DC Circ. Judge Tatel To Join Hogan Lovells' Litigation Practice

By Katie Buehler | June 23, 2023, 4:16 PM EDT ·

Judge David S. Tatel
Judge David S. Tatel
After serving for 29 years, Senior D.C. Circuit Judge David S. Tatel will step down from the bench in August to join Hogan Lovells' litigation practice in Washington, where he'll focus on pro bono work.

The law firm confirmed Judge Tatel's plans Friday in a statement to Law360. Judge Tatel had worked at Hogan & Hartson — Hogan Lovells' premerger name — as a partner and founder of the firm's education practice from 1979 until he was appointed to the D.C. Circuit in 1994. He assumed senior status with the court in May 2022. 

"We are extremely happy to be welcoming Judge Tatel back to the firm after a long and illustrious career on the bench," said Des Hogan, the firm's global head of the litigation, arbitration and employment practice group. "Upon his return, Judge Tatel will join our litigation practice, and will focus on pro bono work."

Cate Stetson, co-head of the firm's appellate practice, said in a statement the firm is "thrilled" with Judge Tatel's return to the firm.

Judge Tatel said that serving on the D.C. Circuit "has been the honor of a lifetime." As for the new chapter in his career, the return to Hogan "is a true homecoming" and "I particularly look forward to mentoring junior lawyers again, and engaging in important pro bono work."

Judge Tatel, 81, who has been blind since the age of 30, began his legal career as an instructor at the University of Michigan Law School before entering private practice with the law firm now known as Sidley Austin LLP in Chicago.

While at the firm, he served on Mayor Richard J. Daley's Chicago Riot Study Committee, which was established in the summer of 1968 to investigate rumors that riots following the assassination of the Rev. Dr. Martin Luther King Jr. were organized by members of the Black Panthers. The committee interviewed Black residents, business owners and law enforcement officers and found no evidence of a conspiracy to start the riots.

In 1969, Judge Tatel left Sidley Austin to serve as founding director of the Chicago Lawyers' Committee for Civil Rights Under Law, which provides legal services to litigants in civil rights cases.

He later went on to become director of the National Lawyers' Committee for Civil Rights Under Law, and was instrumental in the formation of the Legal Services Corp. a government nonprofit that provides grants to organizations providing civil legal assistance to low-income Americans. Judge Tatel has also served as acting general counsel for the Legal Services Corp.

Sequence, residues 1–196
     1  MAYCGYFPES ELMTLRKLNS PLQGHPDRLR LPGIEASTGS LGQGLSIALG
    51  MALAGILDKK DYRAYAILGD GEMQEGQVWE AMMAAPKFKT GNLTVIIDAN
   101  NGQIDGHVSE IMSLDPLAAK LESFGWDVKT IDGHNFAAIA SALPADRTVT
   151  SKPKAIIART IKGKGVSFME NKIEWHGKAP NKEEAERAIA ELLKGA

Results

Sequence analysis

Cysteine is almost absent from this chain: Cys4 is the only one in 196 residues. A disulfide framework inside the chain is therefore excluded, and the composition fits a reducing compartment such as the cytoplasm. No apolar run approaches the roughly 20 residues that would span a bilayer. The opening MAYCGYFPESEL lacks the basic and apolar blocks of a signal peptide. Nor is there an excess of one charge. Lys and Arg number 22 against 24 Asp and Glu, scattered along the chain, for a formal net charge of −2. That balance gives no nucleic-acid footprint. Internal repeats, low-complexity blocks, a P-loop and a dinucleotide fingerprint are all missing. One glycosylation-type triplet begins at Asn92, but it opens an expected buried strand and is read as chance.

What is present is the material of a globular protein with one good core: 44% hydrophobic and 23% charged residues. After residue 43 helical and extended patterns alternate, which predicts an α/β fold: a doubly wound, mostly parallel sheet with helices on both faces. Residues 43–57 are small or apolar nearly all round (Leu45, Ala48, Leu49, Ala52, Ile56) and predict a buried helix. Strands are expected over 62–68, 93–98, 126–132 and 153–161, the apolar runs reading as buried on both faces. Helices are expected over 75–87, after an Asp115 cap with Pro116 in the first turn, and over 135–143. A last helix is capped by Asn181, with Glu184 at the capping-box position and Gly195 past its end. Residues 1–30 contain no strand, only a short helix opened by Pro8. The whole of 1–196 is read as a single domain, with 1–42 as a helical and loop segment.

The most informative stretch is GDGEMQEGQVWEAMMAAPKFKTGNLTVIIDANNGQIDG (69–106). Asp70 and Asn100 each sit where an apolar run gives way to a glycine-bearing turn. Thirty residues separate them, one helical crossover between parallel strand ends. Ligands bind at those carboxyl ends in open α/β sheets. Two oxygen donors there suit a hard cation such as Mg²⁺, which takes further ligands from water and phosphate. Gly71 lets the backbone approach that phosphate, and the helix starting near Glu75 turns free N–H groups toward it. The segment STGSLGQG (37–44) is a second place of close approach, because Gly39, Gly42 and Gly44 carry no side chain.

During the Carter administration, Judge Tatel joined the U.S. Department of Health, Education and Welfare as the director of the department's Office of Civil Rights. He worked in government until 1979, when he reentered private practice, this time with the law firm now known as Hogan Lovells.

President Bill Clinton nominated Judge Tatel to the D.C. Circuit in June 1994 to fill the seat vacated roughly a year earlier by U.S. Supreme Court Justice Ruth Bader Ginsburg. He was confirmed in October 1994 by a Senate voice vote.

During his nearly 30 years on the D.C. Circuit bench, Judge Tatel has presided over several significant cases.

Recently, he wrote the circuit court's October 2019 opinion in Trump v. Mazars USA LLP,  which found that President Donald Trump's longtime accounting firm had to hand over business records to the House oversight committee investigating the president.

Judge Tatel wrote, "Contrary to the president's arguments, the committee possesses authority under both the House rules and the Constitution to issue the subpoena" requesting the documents.

The Supreme Court, however, ruled in a 7-2 opinion July 2020 that lower courts hadn't adequately considered the separation of powers concerns implicated by the case. Chief Justice John Roberts, who wrote for the majority, established a four-factor balancing test for future cases that raise the same issues. 

On remand, a separate three-judge panel ruled that the House oversight committee could still subpoena certain records from Trump. While the president was still entitled to a heightened separation-of-powers scrutiny, the committee's explanation of the legislative purpose behind the subpoena overcame some of the bars to its seeking Trump's records, the panel found.

The case has been cited in recent cases, such as the contempt of Congress charges against ex-Trump aides Steven Bannon and Peter Navarro, to argue whether aides to former presidents have immunity when it comes to congressional subpoenas.

Judge Tatel earned his law degree from the University of Chicago Law School and his undergraduate degree from the University of Michigan.

--Editing by Karin Roberts.

Update: This story has been updated to clarify the practice Judge Tatel will be joining and to include additional comments.

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